Paris: Days of violent protests across France after the fatal police shooting of a teenager have started to impact the country’s tourism sector, with hotels and restaurants facing cancellations while some have also suffered damage in the unrest.
Since the death of 17-year-old Nahel during a traffic stop in a Paris suburb on Tuesday, “our hotel members have suffered a wave of cancellations of reservations in all the territories affected by the damage and clashes,” said chef Thierry Marx, president of the main association for hotel and catering industry employers.
Marx said Friday he was receiving daily alerts from industry professionals who have suffered “attacks, looting and destruction of their businesses, including some restaurants and cafes”.
“Our establishments are intrinsically hospitality venues, and sometimes even refuges and places of help in crisis situations. They must not suffer the consequences of anger that they have not aroused and we condemn these actions,” he added.
Marx wants the authorities to do “everything” to guarantee the safety of people in the hotel and catering industry in the world’s most popular tourist destination.
The riots “gave rise to real scenes of looting”, he said, with “more than a hundred medium and large food or non-food stores vandalised, looted or even burned”.
These incidents “are extremely serious and have an extremely heavy cost”, according to Creyssel, who said he had asked the economy, interior and trade ministers to act.
The Paris Ile-de-France Chamber of Commerce said it was ensuring its teams were mobilised to “provide the necessary support and technical assistance, particularly in terms of continuing operations, insurance compensation, etc...” for traders and managers of affected companies.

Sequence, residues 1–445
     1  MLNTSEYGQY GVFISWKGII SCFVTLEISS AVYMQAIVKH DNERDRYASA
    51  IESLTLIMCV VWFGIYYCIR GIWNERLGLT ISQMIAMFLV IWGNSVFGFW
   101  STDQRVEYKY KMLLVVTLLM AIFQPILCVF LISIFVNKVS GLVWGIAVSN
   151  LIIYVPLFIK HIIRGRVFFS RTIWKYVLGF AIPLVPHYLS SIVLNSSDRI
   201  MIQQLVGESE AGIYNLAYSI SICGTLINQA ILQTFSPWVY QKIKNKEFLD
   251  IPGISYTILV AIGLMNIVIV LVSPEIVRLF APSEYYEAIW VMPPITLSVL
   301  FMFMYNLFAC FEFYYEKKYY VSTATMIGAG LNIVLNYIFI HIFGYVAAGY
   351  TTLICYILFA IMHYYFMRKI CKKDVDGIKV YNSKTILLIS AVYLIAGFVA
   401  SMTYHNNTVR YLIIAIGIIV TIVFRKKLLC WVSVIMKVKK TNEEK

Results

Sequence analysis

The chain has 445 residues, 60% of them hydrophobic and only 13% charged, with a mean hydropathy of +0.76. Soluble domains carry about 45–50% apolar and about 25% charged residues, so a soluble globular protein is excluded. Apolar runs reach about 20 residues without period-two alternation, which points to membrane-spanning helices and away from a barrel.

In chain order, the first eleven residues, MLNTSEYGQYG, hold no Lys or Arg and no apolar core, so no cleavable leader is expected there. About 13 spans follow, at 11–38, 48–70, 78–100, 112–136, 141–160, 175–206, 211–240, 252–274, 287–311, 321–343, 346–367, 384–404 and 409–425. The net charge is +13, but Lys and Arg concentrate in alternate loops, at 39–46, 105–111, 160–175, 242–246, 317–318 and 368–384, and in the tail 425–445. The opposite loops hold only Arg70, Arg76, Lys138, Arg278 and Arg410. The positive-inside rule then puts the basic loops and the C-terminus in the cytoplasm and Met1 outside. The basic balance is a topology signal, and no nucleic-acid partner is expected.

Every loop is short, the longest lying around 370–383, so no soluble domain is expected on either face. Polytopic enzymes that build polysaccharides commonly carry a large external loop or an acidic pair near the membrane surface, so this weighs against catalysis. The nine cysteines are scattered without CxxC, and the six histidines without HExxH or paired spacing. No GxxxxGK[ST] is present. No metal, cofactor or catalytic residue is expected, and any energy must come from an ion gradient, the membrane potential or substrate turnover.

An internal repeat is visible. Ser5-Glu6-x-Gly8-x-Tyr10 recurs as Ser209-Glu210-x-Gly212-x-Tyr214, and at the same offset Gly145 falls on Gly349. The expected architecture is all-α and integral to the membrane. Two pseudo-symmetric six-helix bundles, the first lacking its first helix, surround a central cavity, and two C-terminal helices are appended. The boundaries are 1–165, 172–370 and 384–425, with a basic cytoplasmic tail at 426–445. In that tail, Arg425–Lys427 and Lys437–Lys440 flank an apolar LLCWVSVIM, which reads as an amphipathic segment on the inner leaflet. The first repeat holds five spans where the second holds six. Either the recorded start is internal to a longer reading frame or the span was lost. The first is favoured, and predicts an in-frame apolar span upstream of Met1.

The GHR organisation for independent hotels and restaurants in France deplored that “foreign (TV networks) are starting to show images of Paris on fire and blood, which does not correspond to reality”.
“Will the violence and riots continue and cause a real wave of cancellations? That’s the risk,” managing director Franck Trouet told AFP.
“Asian tourists, in particular, who are very concerned about security, may not hesitate to postpone or cancel their trip,” he warned.
Didier Arino, managing director of the Protourisme firm said: “Tourists who know us well, like the Belgians or the British, who also have problems themselves in their suburbs, will be able to make sense of things”.
But in the end, he said “it’s as if we were doing a negative publicity campaign worth several tens of millions of euros for destination France”.
The confederation of tobacconists was also indignant at the “looting and ransacking of shops, including 91 tobacconists during these last days of clashes”.
“If it continues like this, it can significantly complicate the organisation of the Olympic Games, especially since a good part of the events will take place in Seine-Saint-Denis,” a disadvantaged area in the north of Paris, said Jean-Francois Rial, president of the Paris Tourist Office.